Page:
The Seventh Day

The rooms have grown darker since Laura died. Today even the kitchen is charcoal grey. It is not my imagination. I have not succumbed to metaphors. I have seen it happen day by day. And today is the seventh day. Blackness leaches through every egg-blue strip of wallpaper, into every flower-nubbled cornice, across every honey-brown floorboard. It has become ordinary, this seeping darkness, like watching a housewife roll out pastry. Like watching another of my photographs swim into monochrome life.

[private]At first, I thought it was a sudden fit of rising damp. This is still what I tell my Jessica today. ‘Just mould, petal,’ I murmur as I butter her toast soldiers.

I do not turn to look at her. I know she has stopped believing me. She stopped believing long ago. I am no longer her god. Laura’s death saw to that. Every time she peers into my blinking eyes, she sees only lies, a frightening treacle of lies.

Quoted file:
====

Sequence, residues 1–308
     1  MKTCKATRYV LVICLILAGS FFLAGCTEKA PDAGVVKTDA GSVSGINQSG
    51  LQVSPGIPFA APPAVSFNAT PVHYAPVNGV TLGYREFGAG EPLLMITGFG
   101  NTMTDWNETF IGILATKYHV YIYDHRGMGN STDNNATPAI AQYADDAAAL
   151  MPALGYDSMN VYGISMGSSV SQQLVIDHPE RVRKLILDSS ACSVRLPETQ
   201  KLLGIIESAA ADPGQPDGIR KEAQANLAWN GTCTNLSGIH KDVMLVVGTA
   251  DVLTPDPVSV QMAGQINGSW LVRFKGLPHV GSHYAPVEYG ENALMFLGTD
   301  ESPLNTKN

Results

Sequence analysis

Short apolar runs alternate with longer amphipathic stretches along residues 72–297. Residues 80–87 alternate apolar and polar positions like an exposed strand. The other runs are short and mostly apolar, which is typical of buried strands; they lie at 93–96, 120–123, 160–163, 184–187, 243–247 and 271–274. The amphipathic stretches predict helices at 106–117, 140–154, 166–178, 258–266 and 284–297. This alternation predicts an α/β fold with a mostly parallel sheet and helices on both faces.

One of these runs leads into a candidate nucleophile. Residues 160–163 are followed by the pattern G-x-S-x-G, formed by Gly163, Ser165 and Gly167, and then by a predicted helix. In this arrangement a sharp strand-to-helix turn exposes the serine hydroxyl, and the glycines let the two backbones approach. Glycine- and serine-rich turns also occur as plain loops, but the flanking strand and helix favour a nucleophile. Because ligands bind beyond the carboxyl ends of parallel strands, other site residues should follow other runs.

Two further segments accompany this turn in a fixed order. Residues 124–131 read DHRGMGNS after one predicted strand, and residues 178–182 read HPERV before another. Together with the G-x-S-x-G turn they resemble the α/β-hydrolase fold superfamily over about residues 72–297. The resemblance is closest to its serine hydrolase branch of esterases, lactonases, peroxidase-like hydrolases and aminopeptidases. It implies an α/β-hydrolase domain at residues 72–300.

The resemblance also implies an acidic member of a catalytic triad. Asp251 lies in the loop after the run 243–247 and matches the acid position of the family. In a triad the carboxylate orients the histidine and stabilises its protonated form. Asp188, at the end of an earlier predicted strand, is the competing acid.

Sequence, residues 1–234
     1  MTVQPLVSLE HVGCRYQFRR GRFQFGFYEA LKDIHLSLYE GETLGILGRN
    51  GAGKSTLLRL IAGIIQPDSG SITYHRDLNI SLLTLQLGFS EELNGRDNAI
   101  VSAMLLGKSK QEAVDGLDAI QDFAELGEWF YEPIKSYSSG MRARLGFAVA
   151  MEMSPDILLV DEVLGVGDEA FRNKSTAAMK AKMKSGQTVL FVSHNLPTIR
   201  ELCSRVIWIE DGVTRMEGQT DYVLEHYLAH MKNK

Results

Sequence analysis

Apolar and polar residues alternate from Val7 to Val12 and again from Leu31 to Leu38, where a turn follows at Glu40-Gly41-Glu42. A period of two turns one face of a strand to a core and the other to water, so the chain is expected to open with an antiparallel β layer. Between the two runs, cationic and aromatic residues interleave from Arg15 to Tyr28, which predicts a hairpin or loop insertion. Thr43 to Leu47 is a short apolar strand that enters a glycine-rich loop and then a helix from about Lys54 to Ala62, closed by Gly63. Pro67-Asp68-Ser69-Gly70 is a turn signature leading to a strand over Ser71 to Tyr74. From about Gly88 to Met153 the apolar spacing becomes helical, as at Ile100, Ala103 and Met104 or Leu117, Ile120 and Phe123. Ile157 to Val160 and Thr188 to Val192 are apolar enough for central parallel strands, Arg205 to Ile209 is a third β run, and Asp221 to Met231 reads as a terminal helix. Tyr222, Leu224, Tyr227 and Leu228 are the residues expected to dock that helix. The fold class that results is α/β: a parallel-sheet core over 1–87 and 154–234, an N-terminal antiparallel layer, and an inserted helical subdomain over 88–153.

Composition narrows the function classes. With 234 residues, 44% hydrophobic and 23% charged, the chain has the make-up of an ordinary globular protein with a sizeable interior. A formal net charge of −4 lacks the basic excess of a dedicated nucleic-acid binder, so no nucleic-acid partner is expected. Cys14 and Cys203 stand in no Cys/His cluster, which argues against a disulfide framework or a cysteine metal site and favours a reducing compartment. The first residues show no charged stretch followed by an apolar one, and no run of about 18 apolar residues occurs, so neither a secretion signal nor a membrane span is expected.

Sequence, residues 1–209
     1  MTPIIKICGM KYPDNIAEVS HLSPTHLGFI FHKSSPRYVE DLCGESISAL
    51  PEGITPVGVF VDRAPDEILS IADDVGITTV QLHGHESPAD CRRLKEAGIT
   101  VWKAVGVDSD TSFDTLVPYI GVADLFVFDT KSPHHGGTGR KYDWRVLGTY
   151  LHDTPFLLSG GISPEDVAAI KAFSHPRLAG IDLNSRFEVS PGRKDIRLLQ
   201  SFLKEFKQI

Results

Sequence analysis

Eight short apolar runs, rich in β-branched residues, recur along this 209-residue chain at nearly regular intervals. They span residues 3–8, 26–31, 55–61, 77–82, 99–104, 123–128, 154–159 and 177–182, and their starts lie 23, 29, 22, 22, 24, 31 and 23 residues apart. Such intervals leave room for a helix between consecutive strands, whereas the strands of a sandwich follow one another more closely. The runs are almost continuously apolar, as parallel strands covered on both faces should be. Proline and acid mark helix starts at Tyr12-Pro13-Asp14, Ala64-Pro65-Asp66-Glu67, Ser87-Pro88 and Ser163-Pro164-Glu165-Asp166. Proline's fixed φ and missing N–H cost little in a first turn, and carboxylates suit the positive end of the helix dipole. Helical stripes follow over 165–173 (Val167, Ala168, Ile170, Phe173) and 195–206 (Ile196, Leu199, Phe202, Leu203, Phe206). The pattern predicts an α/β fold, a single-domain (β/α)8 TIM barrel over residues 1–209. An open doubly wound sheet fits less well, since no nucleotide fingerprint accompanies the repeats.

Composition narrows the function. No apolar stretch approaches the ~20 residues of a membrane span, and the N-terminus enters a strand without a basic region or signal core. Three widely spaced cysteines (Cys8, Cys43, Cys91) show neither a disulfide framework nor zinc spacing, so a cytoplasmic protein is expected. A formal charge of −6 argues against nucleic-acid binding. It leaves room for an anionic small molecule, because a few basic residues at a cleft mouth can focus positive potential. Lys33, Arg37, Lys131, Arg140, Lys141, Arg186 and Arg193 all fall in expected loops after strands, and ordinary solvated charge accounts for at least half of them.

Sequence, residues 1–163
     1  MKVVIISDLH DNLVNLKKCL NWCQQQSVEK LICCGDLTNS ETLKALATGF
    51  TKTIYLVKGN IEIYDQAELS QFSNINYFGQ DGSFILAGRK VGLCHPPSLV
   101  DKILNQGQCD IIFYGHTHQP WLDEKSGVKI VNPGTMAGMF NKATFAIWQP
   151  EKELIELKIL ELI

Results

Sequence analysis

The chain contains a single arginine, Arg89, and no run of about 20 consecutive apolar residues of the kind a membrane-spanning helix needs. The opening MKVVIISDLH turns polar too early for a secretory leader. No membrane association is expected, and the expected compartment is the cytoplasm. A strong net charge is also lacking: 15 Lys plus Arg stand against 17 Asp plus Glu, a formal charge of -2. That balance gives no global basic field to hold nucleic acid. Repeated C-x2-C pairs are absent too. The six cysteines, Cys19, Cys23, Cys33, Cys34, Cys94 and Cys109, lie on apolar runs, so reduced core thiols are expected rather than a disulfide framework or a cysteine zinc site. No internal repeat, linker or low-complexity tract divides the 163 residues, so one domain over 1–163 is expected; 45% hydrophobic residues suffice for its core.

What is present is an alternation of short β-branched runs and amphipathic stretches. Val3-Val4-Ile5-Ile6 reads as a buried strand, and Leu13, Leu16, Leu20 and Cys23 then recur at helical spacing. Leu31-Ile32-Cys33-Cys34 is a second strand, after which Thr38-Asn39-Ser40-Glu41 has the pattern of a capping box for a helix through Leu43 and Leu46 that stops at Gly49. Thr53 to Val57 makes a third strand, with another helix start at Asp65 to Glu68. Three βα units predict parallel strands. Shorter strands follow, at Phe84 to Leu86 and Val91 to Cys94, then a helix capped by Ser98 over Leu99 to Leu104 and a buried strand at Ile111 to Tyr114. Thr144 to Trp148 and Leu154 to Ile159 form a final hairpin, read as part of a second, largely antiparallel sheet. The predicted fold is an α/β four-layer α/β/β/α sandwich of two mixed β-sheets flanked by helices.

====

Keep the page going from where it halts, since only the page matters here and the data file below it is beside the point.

‘Daddy, I’m scared,’ she whimpered the morning after the funeral, when the darkness first slithered into our house. ‘Is this what happens when someone dies?’

Children her age, they see cause and effect everywhere. Jessica thinks our hobbling, tweed-skirted neighbour Miss Cramond broke her hip because, really, she wanted to be in hospital, fussed over by nurses. And so she also insists there is more daylight in these summer months because this is when children have their school holidays and the sun understands that children must make the most of these days with their weekend- and holiday-fathers. The world is a jigsaw to her; our darkening house is just another piece in her jigsaw, her kind-hearted, eight-year-old jigsaw. And so, Jessica insists, our rooms grow darker because my twin sister died, my blind twin died.

‘It’s cause Aunt Laura’s not here,’ she said the second day, when a plum-black nest hatched in the crimson wallpaper behind the piano, the piano that Laura played for Jessica every Sunday morning. ‘The house is sad, Daddy. Take a photo! Take one of your photos.’